CRG take a trip to see recycling in action

CRG member Nigel Barry, reports on a trip to see what happens to all of Cardiff’s waste:

On the 3rd of July, a small group of the Cardiff Rivers Group visited Lamby Way for a trip around the
recycling plant (Matt, Nigel, Lynne & Jenny).

Right from the start, we felt welcomed by the reception staff and introduced to our guide Tim,
charged with escorting us around the plant. Tim was a superb guide.

On the way around to the plant, we took the opportunity to batter Tim with questions which he
fended off easily.

We started the tour outside the plant where it was quiet. Tim explained where the different types of
waste were stored after collection, warehouse 15. We were not allowed in the warehouse as it was
too dangerous with lots of heavy plant shuffling tonnes of separated waste onto waiting transport.

• Green bin waste sent to Gloucester to be composted.
• Food waste sent to be processed elsewhere (I don’t recall where)
• Black bin waste was not stored and sent straight to land fill

The tour focused on the green bags recycling waste.

The recycling plant was a made up of hoppers, conveyor belts and waste product areas whose sole
purpose is to separate the waste into saleable waste product.

To try and briefly describe the process:-

1. A JCB picked up the green bags and loaded shovelled them into a hopper.
2. The bags ripped by a machine spilling the contents onto the conveyor belt.
3. Small metal objects and broken glass fell through the conveyor belt and disappeared on a
conveyor belt to another process or storage.
4. The ripped green bags and other cheap plastic bags were removed manually by 4 guys who
used a giant vacuum cleaner to collect this waste product.
5. The rest of the waste was tipped into a spinning machine where the light paper waste
floated up onto a conveyor belt where another 4 guys, sorted out the paper into 2 grades;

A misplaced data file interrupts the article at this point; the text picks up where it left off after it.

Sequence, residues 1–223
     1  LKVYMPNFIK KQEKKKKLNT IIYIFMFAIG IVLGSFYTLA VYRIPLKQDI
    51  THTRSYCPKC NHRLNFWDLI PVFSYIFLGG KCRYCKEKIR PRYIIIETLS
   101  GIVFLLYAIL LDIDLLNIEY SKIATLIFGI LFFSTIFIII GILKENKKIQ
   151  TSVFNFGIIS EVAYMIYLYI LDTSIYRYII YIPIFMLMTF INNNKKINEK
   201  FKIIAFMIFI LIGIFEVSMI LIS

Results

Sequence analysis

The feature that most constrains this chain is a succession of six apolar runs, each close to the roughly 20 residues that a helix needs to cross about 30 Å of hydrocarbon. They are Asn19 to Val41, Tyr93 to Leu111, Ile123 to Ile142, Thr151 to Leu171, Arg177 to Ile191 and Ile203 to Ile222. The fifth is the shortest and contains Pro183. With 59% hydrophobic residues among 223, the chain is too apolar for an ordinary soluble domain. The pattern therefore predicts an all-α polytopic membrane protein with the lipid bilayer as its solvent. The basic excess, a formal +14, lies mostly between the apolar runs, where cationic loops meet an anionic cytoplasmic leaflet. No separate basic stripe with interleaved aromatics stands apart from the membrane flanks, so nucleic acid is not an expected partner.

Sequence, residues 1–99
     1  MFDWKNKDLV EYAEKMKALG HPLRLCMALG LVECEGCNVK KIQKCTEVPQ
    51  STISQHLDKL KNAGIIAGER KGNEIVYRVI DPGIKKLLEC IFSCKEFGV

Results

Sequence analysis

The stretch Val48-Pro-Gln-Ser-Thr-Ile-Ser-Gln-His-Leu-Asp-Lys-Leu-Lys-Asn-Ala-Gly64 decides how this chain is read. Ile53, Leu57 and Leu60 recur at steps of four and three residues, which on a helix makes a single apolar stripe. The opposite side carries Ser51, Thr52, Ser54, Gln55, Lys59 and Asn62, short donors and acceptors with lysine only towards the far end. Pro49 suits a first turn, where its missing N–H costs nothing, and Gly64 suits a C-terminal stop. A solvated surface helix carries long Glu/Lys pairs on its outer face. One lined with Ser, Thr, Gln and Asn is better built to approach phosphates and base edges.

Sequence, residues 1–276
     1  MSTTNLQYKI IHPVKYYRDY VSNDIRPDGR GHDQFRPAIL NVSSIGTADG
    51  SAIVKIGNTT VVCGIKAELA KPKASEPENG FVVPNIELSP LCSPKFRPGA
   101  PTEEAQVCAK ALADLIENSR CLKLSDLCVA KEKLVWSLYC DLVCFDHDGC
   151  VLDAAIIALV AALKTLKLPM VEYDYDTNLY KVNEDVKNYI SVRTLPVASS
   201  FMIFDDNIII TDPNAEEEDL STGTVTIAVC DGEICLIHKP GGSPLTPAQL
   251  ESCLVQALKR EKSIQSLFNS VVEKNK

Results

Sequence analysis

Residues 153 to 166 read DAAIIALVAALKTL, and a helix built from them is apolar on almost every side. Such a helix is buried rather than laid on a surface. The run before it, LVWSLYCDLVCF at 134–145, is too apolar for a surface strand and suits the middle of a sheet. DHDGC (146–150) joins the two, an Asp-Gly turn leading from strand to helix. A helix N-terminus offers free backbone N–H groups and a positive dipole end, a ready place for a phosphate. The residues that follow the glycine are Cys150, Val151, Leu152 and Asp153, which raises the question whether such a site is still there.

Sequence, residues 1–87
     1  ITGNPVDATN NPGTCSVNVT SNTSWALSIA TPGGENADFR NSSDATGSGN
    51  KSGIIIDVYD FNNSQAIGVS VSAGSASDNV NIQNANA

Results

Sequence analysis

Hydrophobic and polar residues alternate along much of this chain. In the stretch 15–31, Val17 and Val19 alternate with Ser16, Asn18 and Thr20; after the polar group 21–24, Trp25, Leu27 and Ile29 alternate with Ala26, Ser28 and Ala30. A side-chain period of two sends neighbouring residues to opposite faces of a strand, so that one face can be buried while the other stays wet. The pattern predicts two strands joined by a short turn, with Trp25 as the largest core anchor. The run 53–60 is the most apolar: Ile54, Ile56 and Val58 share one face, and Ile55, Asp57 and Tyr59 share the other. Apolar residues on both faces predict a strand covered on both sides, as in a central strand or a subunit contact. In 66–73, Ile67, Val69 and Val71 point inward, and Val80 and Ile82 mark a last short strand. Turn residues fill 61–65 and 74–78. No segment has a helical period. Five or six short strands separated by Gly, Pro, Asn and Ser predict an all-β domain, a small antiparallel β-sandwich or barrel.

high grade paper (worth £140 per ton) and low grade paper (worth £85 per ton). This paper
made its way into a machine that compressed them into bales where a fork lift moved them
ready for transport to a paper recycling plant elsewhere. The paper bales were like a giant
sausage machine, with the bales inching out slowly.
6. The metal tins dropped down onto a table where they were inspected by the “tin man”who
flicked tin to the right or aluminium to the left with what looked like a stick. Any alien waste
was removed into a separate container to be fed back into the recycling process.
7. The glass bottles etc. travelled onto a “smasher” which reduced them to small broken glass
which then dropped into a container for shipment to a glass recycler.
8. Finally, the many varieties of plastic waste, disappeared down a conveyor for crushing and
onward transport to a plastic recycler able to sort it into the different grades.

In the plant, it was noisy, there were some nasty niffs about but, it was brilliant seeing the end to
end process of thousands of tons of waste get separated into saleable waste product every hour.

At present, they don’t make enough money to sustain the plant, but without a doubt, it makes
money…!

Next years’ target for recycling in Cardiff for 2012/13 is 52%. At the moment it is high 40’s so looks
achieveable providing the people of Cardiff continue their recycling ways.

It was strange to think that the outputs of this process resulted in waste products to be sold to
market. And who said Britain has no manufacturing left???

In summary, it was a really interesting experience and we all left much more clued up than we were
before.

It is a trip I would definitely recommend to other like-minded people.

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